I admit that though I had been tangentially following the LIBOR scandal in Great Britain, I hadn’t really paid very close attention to it – until today. For those of you who don’t know what LIBOR is, LIBOR stands for the London Interbank Offered Rate, which is the average interest rate estimated by leading banks in London that they would be charged if borrowing from other banks.
Writing for Rolling Stone, Matt Taibbi has an excellent article outlining why we here in the U.S. should be absolutely worried about the LIBOR scandal.
The furor is over revelations that Barclays, the Royal Bank of Scotland, and other banks were monkeying with at least $10 trillion in loans (The Wall Street Journal is calculating that that LIBOR affects $800 trillion worth of contracts).
The banks gamed LIBOR for two semi-overlapping reasons. As noted here last week, there were instances of Barclays traders badgering the LIBOR submitters to “push down” rates in order to fatten their immediate bottom lines, depending on what they were trading or holding that day. They also apparently rigged LIBOR downward in order to produce a general appearance of better health, essentially tweaking their credit scores a few ticks upward.
Most intriguingly, or perhaps disturbingly, there were revelations last week that Bank of England deputy Governor Paul Tucker had a conversation with Diamond at the peak of the crisis in 2008. The conversation reportedly left Diamond, and subsequently his traders, with the impression that the bank had carte blanche to rig LIBOR downward in order to help allay spiraling public fears about the banks’ poor financial health.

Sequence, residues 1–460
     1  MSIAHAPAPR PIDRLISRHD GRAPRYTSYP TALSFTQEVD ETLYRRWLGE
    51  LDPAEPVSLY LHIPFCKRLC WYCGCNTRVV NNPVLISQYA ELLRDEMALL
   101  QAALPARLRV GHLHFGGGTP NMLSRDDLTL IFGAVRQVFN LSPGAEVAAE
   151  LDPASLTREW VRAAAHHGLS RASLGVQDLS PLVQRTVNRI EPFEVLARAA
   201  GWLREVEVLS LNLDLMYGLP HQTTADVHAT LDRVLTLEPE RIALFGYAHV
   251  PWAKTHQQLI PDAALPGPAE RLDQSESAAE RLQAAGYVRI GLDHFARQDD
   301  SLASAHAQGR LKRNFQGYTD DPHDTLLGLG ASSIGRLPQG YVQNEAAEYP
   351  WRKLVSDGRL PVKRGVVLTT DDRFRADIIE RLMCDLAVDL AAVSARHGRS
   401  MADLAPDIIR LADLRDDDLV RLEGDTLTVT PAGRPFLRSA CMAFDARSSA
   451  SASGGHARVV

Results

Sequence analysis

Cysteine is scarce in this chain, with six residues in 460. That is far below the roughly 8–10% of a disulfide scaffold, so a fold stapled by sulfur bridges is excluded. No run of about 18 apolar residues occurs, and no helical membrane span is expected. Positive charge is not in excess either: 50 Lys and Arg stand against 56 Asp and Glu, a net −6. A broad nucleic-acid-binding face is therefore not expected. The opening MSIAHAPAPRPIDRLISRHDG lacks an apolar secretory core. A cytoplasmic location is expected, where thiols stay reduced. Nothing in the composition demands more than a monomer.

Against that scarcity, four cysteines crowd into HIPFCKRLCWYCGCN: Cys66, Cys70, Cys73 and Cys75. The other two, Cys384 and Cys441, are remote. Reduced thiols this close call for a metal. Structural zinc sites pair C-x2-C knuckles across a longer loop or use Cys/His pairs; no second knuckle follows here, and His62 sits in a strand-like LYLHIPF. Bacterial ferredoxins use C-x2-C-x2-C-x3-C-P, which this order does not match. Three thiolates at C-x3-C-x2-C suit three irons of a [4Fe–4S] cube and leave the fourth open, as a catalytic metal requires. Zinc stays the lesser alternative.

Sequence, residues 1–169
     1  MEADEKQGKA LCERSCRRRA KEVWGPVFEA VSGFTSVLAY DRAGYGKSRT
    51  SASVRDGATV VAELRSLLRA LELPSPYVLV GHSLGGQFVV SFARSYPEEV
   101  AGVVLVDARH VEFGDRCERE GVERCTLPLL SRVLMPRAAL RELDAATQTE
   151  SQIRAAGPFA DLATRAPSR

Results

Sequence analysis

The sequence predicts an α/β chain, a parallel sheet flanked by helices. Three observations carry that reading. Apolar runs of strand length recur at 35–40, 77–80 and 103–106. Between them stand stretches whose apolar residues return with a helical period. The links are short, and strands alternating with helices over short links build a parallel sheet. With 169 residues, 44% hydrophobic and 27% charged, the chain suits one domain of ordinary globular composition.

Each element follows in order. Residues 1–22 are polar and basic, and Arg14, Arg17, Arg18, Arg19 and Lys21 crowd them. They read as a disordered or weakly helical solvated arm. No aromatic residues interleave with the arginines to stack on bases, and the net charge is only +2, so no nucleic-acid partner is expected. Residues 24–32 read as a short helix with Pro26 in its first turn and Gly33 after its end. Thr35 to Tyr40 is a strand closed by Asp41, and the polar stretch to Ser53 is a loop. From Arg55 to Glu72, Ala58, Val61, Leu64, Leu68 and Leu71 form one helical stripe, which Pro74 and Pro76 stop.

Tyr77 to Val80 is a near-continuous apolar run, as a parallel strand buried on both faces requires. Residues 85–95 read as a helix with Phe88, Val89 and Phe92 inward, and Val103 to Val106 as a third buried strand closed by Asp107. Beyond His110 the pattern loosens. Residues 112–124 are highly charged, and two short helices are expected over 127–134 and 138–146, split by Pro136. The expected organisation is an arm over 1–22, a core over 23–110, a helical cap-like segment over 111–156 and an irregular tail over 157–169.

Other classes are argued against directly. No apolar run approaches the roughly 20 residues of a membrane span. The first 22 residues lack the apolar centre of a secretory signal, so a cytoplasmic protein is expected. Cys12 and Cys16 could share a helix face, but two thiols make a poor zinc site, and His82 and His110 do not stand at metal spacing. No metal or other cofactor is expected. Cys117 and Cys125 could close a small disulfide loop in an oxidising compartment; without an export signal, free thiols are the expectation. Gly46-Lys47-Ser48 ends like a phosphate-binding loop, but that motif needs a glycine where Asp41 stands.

British officials, and Tucker individually, deny that Tucker gave Diamond permission to rig rates. But a report by British regulators did conclude that the two were talking about Barclays LIBOR submissions on October 29, 2008, and that as a result of that conversation, Diamond came away with a “misunderstanding.”
Taibbi goes on to note why Americans should be particularly worried about the revelations that regulators with the British government actually met with bankers and discussed LIBOR submissions.
The implications of that part of the story should be particularly chilling to Americans, who in recent years have been party to a number of revelations about strange and seemingly inappropriate contacts between senior regulatory officials and big bankers during the heat of the crisis.
We know that American officials in 2008-2009 were extremely concerned about the appearance of weakness in the financial markets, so much so that they may have resisted pursuing criminal prosecutions against big banks, and we also know that they spent a lot of time commiserating with Wall Street figures before and during the crisis.
If Bob Diamond and Paul Tucker were having these talks about LIBOR, is it fair to wonder what else Hank Paulson and Lloyd Blankfein were talking about in the 24 discussions they had in the six days following the AIG disaster? When Paulson had a secret meeting with the entire board of Goldman Sachs in, of all places, his hotel suite in Moscow, in June of 2008? Or what other material nonpublic information was exchanged when Paulson met with a gang of hedge fund chiefs at the offices of Eton Park management in July 2008, and laid out for them a possible scenario for putting Fannie and Freddie into receivership?
Here’s a video that explains more about what LIBOR is.